On October 29, 2021, the California Public Utilities Commission (CPUC) issued three proposed decisions intended to address potential electric capacity shortfalls in 2022 and 2023. The proposed decisions, if approved, would implement a variety of demand-side and supply-side policies designed to ensure that in the event of extreme weather during the summer of 2022 and/or 2023, California has sufficient electric capacity to avoid outages.
In August 2020, the California ISO experienced outages during the evenings of August 14 and 15, and only extraordinary efforts, including voluntary conservation efforts by California energy users, allowed the California ISO to avoid outages the following week.
After those outages, the CPUC and the California Energy Commission (CEC) have been working towards addressing potential capacity shortfalls during extreme weather events during the summer. In November 2020, the CPUC opened a rulemaking (R.20-11-003) to ensure reliability in the event of extreme weather during the summer of 2021. In February 2021, the CPUC adopted a decision directing procurement of additional capacity (D.21-02-028), and in March, adopted a decision directing additional demand-side and supply-side actions to increase supply and decrease load during extreme weather events (D.21-03-056).
California managed to avoid outages during the summer of 2021, although it was helped by relatively mild weather in August and September. A stack analysis performed by the CEC this summer, however, showed the potential for capacity shortfalls of up to 4,350 megawatts (MW) for summer 2022. In August, the CPUC implemented a second phase to R.21-11-003, to ensure reliability during the summers of 2022 and 2023. Continue Reading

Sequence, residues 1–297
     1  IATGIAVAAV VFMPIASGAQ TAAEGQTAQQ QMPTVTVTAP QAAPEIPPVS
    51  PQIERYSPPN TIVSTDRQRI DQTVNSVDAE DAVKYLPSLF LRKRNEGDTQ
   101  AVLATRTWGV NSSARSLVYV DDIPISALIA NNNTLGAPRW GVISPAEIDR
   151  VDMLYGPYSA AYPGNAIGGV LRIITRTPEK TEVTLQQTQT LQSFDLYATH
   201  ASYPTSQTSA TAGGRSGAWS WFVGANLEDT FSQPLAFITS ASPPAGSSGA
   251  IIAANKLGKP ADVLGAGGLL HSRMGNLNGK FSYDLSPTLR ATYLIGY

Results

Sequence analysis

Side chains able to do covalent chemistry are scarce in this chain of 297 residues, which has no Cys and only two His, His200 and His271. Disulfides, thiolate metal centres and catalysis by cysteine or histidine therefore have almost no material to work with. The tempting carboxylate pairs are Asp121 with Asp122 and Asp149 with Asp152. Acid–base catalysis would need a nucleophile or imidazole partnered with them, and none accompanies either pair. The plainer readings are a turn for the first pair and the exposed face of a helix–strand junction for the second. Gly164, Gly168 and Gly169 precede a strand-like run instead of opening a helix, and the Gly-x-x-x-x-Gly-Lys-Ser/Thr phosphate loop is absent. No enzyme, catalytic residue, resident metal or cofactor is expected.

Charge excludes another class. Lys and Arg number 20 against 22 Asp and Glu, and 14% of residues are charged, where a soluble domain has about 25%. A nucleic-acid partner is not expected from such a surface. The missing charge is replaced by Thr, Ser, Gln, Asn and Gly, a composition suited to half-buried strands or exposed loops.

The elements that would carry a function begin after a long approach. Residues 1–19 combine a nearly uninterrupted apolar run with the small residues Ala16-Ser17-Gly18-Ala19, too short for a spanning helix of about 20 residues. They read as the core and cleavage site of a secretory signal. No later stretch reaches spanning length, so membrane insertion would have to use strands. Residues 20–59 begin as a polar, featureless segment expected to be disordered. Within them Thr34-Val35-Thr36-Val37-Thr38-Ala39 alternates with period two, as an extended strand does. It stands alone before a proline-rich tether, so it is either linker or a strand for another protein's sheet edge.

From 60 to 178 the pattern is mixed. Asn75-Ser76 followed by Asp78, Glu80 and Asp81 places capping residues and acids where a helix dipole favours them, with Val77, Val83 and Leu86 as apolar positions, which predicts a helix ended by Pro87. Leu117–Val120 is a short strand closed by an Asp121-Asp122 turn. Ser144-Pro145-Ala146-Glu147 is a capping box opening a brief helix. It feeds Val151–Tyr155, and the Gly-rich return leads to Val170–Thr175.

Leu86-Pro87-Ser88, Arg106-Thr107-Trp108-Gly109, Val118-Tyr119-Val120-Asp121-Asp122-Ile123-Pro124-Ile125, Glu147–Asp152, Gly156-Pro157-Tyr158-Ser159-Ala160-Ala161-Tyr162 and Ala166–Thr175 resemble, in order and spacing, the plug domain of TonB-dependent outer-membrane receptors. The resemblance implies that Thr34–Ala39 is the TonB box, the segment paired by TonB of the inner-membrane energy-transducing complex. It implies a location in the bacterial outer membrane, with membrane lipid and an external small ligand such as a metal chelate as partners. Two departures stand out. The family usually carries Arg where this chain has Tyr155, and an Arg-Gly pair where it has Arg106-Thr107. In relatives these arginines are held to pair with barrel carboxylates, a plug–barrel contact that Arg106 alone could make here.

Earlier this month, the Fish and Wildlife Service (“Service”) published a final rule revoking the Trump Administration’s rule on incidental take under the Migratory Bird Treaty Act (“MBTA”), as well as an advanced notice of proposed rulemaking (“ANPR”) aimed at codifying the Biden Administration’s interpretation of the MBTA’s incidental take provision and creating new incidental take regulations.
The MBTA prohibits the “take” of over 1,000 species of migratory birds, but the reach of the MBTA’s take prohibition, including whether it applies to “incidental” take from otherwise lawful activities, is unsettled and subject to a current split in the federal circuit courts. The Trump Administration rule, published on January 7, 2021, largely reflected the Fifth Circuit’s view that the MBTA only prohibits “intentional acts” that directly kill migratory birds. We anticipate that the Biden Administration rule will take the position endorsed by the Tenth Circuit and articulated in the Obama Administration’s M-Opinion that the MBTA prohibits non-purposeful take of migratory birds, nests, and eggs that occur incidental to lawful activities. Continue Reading
On September 24, 2021, the Federal Energy Regulatory Commission issued an order (176 FERC ¶ 61,207) approving tariff revisions to amend the California ISO’s (CAISO) interconnection procedures for its current queue cluster (Cluster 14). The CAISO had requested changes to its interconnection procedures due to the massive increase in the number of interconnection requests it received this year—373 interconnection requests representing 150,000 megawatts of generating capacity, as compared to the 155 requests in 2020. Prior to 2021, the average number of interconnection requests that the CAISO received each year over the past 10 years was 113. The volume of interconnection requests in 2020 caused the CAISO to issue a market notice to delay the publication of Phase I interconnection study results by one month, pursuant to its tariff authority to extend the timing for providing study results under Sections 6.6 and 8.5 of its Generator Interconnection and Deliverability Allocation Procedures (GIDAP, Tariff Appendix DD).